Once in awhile it was a yellow orange color, but I don't ever remember it being black either. It seems crazy that a ring could reflect my mood, but it was sure fun to see if it would work.


The frustrating thing about wearing a mood ring is that I never know what to wear to match it! Normally, I coordinate my jewelry colors with my clothing, but with this ring, it is impossible.

I started out wearing a blue-green sweater one day to match the shade of the ring at that time. By noon, it had turned amber, and it clashed. At the end of the day, it turned purple, and this clashed even worse.

So, I have decided only to wear my mood ring on days that I wear neutral colors. It will be hard for the ring to clash with a white blouse and jeans.


I never knew about the thermotropic strip. I always thought the stone itself changed colors. Of course, I also thought that the ring could portray my mood, but that was a long time ago.

I always knew there had to be some trick to it. It would frustrate me. I would be feeling a certain emotion very strongly, but the ring often showed the color for the opposite emotion. It messed with my mind.

One day, I got into an argument with someone about a topic for which I had a lot of passion. I looked down at the ring, expecting it to be extremely purple. Instead, it was gray. I became so angry at the ring that I threw it into the drain in the street.


My boyfriend has a cheap mood ring that he bought from a store that sells merchandise for the superstitious. He likes to check it several times a day, because he finds the color changes amusing.

He works outdoors all the time, and in the winter, we have some pretty chilly temperatures. During the cold season, his ring stays black while he’s at work.

When he puts it back on after a warm shower, it changes to a prettier shade. Depending on the day, it will turn either blue, purple, or amber.

Wearing this ring has become as natural to him as wearing a wedding ring would be to a married man. He feels naked without it.


I had a mood ring in junior high, but I became disgusted with it. I was always nervous in school, and the ring stayed in the brown-gray range. It was so ugly!

I envied my friends whose rings were beautiful shades of teal and purple. I wished that mine would change to a more attractive shade, but it never did.

I suppose that my body temperature was just stuck at a level that produced an ugly color. Maybe my nervousness caused me to get stuck in that temperature range. Whatever the reason, I quit wearing it. I went out and bought a lovely sapphire ring instead.


@strawCake - I remember having a mood ring when I was younger too. I think I actually got tired of wearing it before I learned that they don't actually show your mood.

I think it's kind of interesting how mood rings were invented though. Imagine coming up with a fun piece of jewelry from a doctors visit with a sick kid! I guess inspiration can come from anywhere.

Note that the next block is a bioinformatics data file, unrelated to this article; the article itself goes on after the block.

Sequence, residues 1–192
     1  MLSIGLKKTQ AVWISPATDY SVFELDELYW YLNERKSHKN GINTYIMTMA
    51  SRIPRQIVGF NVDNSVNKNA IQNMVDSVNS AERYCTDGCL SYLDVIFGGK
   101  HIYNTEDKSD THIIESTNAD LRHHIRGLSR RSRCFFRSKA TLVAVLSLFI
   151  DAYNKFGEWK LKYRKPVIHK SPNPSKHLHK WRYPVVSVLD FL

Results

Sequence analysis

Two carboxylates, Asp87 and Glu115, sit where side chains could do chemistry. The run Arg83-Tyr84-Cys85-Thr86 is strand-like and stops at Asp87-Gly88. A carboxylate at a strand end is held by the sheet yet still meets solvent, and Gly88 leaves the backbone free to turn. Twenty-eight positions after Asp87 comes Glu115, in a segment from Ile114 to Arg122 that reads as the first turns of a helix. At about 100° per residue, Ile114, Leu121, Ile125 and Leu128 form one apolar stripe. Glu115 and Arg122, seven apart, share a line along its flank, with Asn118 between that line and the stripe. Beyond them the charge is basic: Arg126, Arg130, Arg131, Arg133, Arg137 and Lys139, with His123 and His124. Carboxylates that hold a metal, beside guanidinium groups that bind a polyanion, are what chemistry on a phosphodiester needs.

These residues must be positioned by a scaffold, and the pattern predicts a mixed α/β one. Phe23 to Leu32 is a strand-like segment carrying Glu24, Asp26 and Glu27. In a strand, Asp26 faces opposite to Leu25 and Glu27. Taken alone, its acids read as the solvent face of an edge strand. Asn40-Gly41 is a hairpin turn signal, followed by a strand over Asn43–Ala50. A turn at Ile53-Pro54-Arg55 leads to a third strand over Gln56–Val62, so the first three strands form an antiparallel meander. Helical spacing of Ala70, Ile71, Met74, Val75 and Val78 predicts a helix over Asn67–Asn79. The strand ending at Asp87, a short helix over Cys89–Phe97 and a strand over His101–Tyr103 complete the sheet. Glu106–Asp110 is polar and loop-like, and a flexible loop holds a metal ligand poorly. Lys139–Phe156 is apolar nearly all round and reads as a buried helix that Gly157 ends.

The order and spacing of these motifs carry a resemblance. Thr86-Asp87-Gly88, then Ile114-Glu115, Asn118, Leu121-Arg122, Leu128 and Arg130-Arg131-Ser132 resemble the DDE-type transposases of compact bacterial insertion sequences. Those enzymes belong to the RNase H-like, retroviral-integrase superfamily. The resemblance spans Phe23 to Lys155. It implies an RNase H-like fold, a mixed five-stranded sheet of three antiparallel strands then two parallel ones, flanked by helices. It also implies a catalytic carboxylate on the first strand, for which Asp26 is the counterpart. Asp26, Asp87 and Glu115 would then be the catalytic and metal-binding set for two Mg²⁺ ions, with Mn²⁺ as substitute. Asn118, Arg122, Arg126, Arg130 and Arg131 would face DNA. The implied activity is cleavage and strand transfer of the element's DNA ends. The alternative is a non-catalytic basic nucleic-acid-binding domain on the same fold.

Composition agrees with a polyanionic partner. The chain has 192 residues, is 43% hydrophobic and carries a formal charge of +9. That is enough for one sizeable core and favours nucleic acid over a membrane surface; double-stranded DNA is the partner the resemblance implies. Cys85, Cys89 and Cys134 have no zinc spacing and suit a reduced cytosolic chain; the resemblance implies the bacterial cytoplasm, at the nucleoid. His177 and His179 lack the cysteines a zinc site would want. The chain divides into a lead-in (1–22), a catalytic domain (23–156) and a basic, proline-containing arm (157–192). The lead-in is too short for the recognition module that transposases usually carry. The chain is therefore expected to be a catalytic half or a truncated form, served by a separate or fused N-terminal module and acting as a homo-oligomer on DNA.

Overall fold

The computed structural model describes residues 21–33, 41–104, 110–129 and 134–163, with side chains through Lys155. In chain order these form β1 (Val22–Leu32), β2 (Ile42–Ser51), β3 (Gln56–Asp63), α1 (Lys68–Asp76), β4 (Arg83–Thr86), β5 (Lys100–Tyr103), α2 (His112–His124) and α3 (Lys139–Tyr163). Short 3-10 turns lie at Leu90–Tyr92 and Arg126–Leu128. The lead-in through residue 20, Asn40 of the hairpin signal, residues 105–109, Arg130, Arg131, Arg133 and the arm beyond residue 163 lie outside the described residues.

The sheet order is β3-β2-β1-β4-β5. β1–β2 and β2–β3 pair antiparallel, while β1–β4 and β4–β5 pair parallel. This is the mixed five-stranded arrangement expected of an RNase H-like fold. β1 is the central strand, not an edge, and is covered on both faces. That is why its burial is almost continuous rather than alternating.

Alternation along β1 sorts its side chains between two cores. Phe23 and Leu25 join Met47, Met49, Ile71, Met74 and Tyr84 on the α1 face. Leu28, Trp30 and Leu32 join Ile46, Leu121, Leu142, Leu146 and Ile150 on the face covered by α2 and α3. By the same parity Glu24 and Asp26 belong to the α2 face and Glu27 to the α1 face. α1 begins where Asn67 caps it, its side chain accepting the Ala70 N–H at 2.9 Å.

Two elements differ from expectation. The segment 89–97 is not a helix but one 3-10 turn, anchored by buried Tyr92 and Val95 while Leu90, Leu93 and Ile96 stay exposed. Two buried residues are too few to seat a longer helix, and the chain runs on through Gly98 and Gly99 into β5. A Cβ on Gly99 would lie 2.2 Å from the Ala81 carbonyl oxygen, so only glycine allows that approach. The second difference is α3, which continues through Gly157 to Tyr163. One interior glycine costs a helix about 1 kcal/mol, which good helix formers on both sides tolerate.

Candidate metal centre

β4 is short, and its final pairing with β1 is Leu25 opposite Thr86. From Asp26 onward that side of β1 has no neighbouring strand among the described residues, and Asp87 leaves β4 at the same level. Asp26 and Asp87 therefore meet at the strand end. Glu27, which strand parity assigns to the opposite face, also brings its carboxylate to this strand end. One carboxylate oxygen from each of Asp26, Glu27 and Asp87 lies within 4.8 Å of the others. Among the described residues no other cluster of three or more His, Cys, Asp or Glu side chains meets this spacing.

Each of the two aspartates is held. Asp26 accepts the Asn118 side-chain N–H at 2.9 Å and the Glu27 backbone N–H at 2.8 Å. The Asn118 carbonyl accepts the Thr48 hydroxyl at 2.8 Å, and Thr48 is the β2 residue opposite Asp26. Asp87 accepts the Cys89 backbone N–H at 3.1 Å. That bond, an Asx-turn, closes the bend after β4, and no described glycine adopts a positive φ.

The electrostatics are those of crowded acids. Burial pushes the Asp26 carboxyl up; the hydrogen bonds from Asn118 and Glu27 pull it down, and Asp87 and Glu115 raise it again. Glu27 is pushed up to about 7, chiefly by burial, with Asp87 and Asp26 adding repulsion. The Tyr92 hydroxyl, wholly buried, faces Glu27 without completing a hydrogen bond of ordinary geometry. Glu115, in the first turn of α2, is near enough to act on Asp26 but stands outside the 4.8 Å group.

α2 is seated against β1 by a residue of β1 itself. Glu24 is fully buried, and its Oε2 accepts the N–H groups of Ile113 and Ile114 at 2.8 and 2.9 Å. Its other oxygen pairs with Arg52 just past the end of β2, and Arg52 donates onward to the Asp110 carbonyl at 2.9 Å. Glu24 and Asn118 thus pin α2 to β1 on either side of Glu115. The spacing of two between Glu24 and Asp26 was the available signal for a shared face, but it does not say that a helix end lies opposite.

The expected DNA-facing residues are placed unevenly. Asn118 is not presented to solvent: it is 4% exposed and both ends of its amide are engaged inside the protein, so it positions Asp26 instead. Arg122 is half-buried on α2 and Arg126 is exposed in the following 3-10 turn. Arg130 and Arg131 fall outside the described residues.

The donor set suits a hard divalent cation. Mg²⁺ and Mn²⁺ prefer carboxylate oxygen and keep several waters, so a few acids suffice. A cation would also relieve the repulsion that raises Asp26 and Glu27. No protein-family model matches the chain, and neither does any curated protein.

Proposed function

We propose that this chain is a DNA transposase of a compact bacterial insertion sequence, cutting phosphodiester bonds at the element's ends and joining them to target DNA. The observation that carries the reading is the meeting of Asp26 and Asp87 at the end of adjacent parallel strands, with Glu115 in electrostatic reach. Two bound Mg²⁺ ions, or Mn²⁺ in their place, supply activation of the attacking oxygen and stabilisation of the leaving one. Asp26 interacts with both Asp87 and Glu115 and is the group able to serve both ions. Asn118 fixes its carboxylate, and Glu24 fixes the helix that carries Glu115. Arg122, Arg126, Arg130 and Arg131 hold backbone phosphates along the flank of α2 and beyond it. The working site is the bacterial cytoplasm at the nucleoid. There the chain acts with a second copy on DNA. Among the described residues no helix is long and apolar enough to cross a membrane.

I don't think mood rings ever go out of style with kids and pre-teens. I'm 26, and I remember mood rings were pretty popular when I was in elementary and middle school! I think everyone I know had at least one mood ring.

I remember being really disappointed when I learned that mood rings don't really show your mood! Learning the truth totally ruined mood rings for me when I was about 13.


@manykitties2 - I still have the mood rings chart from one of my old mood rings that I picked up when I was a teenager. We were also pretty convinced back then that the colors really revealed something. Mood rings were quite popular for about a year when I was in high school.

My favorite pieces of jewelry were my silver mood rings and my mood ring necklaces. I actually had quite the collection by the time mood rings fell back out of style. After seeing mood rings in a store recently, I have been thinking about whether or not to buy mood rings again.


One of the first pieces of jewelry I ever received was a mood ring. My mother gave me one on my sixth birthday because I wanted something that would look pretty and would be different in some way.

Mood rings are certainly different from other kinds of jewelry. I remember how my friends and I used to genuinely believe you could tell a person's mood by looking at the ring they were wearing. We had no idea when we were kids that it was just our body temperature triggering the changes in the mood rings. I guess it is just fun to believe you know what someone is feeling even though they hadn't said anything.

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    • A mood ring will turn black if a person is depressed or down.
      By: Aurelio
      A mood ring will turn black if a person is depressed or down.
    • Someone who is anxious or nervous will have a brown or gray mood ring.
      By: blanche
      Someone who is anxious or nervous will have a brown or gray mood ring.
    • The crystals inside a mood ring have a similar function to a thermometer.
      By: Monika Wisniewska
      The crystals inside a mood ring have a similar function to a thermometer.